The junta continues to hold the frontier trading town of Muse, but the highway to the Chinese border is now controlled by the Three Brotherhood Alliance, which has allowed trade to resume, while taxing it. 

This added tax, along with skirmishes on the highway to Mandalay, has led to a significant decline in border trade. Myanmar Nowreported a 20% decrease in exports to China through Muse between April 2023 and February, to $1.8 billion. In mid-February, the governor of Yunnan province traveled to Naypyidaw to discuss border issues with junta leader Min Aung Hlaing.

Opposition tensions

Skirmishes have erupted between the junta army and the Kachin Independence Army (KIA), a rebel group that is not bound by the ceasefire. 

But more concerning for the opposition are tensions between the KIA and TNLA. Ostensibly the ethnic armies are allies, and the TNLA was originally established with the support of the KIA. But despite formal relations, there is friction on the ground with the KIA operating in Ta’ang-dominated towns. The NUG must move quickly to resolve this fraternal dispute.

The KIA recently captured three towns in Kachin State, but has focused more on targeting isolated junta army outposts.

In Kayah State, the Karenni People’s Defense Forces and Karenni Army continue to make advances at the regime’s expense. On Feb. 15 they completed their takeover of Shadaw, leaving little left in Kayah under junta control.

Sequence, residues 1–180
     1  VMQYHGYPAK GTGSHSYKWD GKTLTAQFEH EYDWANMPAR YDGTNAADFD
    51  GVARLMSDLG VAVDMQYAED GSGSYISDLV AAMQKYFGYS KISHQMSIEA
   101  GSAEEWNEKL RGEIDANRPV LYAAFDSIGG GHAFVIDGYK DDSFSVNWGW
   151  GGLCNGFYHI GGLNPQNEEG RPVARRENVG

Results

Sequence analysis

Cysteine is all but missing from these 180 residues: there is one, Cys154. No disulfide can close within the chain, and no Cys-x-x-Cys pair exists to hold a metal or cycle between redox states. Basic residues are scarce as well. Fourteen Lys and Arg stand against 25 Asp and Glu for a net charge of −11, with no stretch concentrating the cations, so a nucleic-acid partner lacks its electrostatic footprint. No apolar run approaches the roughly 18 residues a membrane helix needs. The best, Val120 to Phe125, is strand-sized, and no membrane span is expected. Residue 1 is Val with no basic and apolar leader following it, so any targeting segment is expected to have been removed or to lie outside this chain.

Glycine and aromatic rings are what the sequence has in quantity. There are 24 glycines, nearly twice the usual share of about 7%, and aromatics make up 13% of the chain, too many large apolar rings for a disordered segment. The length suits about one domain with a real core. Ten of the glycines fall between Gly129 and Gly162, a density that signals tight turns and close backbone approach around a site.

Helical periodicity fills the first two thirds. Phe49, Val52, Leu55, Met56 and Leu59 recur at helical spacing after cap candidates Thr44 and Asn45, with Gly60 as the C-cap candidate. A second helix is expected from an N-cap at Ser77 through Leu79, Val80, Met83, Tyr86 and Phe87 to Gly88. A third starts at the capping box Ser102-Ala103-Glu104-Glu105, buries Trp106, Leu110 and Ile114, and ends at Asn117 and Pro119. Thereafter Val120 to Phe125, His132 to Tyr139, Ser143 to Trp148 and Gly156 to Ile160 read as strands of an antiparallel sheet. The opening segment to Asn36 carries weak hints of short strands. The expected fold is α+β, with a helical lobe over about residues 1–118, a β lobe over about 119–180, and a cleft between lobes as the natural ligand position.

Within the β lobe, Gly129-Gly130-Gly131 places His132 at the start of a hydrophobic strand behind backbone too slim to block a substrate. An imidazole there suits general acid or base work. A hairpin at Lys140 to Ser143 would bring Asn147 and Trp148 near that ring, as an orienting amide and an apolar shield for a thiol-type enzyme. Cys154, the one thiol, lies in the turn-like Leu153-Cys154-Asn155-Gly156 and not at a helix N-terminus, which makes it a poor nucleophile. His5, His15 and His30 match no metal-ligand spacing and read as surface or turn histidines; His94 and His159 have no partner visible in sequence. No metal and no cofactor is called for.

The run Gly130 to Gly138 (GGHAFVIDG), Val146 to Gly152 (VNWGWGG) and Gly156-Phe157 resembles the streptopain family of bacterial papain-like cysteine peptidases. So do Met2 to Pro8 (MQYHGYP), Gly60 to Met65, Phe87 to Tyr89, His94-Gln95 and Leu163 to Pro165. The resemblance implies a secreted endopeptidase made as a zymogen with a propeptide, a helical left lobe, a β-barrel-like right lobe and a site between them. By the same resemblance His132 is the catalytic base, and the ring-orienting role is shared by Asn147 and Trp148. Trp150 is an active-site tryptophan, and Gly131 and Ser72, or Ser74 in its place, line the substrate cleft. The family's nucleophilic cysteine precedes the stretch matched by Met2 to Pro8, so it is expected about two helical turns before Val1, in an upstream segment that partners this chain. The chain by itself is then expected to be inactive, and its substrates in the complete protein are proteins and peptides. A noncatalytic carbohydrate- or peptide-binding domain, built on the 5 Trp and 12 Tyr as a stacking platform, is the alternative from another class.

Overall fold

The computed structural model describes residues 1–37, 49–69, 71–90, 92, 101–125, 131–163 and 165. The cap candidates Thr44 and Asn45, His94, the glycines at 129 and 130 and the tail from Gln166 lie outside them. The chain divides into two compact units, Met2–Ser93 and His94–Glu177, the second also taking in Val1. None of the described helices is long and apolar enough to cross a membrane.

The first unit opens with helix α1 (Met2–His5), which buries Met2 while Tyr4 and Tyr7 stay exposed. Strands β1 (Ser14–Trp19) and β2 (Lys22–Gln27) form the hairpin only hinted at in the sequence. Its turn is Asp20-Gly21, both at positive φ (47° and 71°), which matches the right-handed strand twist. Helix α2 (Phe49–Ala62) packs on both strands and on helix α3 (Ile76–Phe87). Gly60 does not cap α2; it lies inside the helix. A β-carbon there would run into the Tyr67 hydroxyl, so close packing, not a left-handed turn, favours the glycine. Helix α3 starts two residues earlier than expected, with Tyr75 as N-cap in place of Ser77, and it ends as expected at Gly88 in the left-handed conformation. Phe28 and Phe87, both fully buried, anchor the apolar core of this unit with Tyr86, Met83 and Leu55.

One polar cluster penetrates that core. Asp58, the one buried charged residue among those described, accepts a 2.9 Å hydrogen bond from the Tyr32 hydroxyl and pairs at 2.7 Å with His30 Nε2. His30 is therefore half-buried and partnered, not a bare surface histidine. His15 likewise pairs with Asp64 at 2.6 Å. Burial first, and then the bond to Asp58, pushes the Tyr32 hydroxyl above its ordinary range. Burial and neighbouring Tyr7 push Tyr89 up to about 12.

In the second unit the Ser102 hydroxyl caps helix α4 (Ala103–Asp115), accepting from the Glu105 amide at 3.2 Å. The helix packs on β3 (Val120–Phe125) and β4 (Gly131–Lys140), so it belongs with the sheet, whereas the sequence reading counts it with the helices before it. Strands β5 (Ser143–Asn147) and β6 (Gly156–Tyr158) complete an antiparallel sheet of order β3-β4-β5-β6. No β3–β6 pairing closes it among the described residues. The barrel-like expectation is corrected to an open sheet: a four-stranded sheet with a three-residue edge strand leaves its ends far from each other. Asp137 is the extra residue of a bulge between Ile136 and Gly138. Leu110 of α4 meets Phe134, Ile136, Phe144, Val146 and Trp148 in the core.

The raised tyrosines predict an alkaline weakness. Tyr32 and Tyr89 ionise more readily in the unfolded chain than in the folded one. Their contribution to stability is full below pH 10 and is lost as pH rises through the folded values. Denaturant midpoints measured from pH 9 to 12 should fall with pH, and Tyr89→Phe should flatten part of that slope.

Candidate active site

Sensing military weakness, some ethnic armies are bandwagoning with the NUG in areas that have not experienced much violence. In Mon state, there was a rift within the junta-affiliated Mon State Army, with younger members aligning themselves with the NUG. 

Amid a ceasefire in northern Shan state, fighting has spread to southern Shan state, where small pro-junta ethnic armies are increasingly vulnerable without military support.

The Arakan Army’s offensive in Rakhine has been the most consequential. It now controls five of 17 townships – Pauktaw, Kyauktaw, Minbya, Mrauk-U, and Myebon – in addition to the river transport hub of Paletwa in neighboring Chin state, leaving the juntA in control of only three Rakhine towns.

Nine townships around the port of Kyaukphyu – in particular, Rathedaung, Ramree, and Maungdaw – are being contested and have seen intensified air assaults. The military restricted boat traffic and blocked air travel as people sought to flee the Rakhine state capital Sittwe. 

Humiliating junta setbacks

The AA sunk or captured four naval vessels. While not warships, these landing craft are essential for military troop movements, especially as the AA consolidates power along Rakhine’s roadways.

Since Operation 1027 began, the military has only recaptured one of the nearly 30 towns it lost. 

The junta experienced a humiliating setback in Kawlin, Sagaing, the first of the 330 townships that opposition People’s Defence Forces (PDFs) captured. 

In a blow that carries heavy symbolism because it happened in the ethnic majority Bamar heartland, the NUG took control of five banks in Kawlin, appropriating 44 billion kyat (US$20.9 million) for the revolution.

The military amassed 1,000 troops and militiamen and used air assets and artillery to bomb defensive positions. After two weeks of fighting, the army retook the city. For days, satellite photographs showed large swaths of the town being burned in retribution.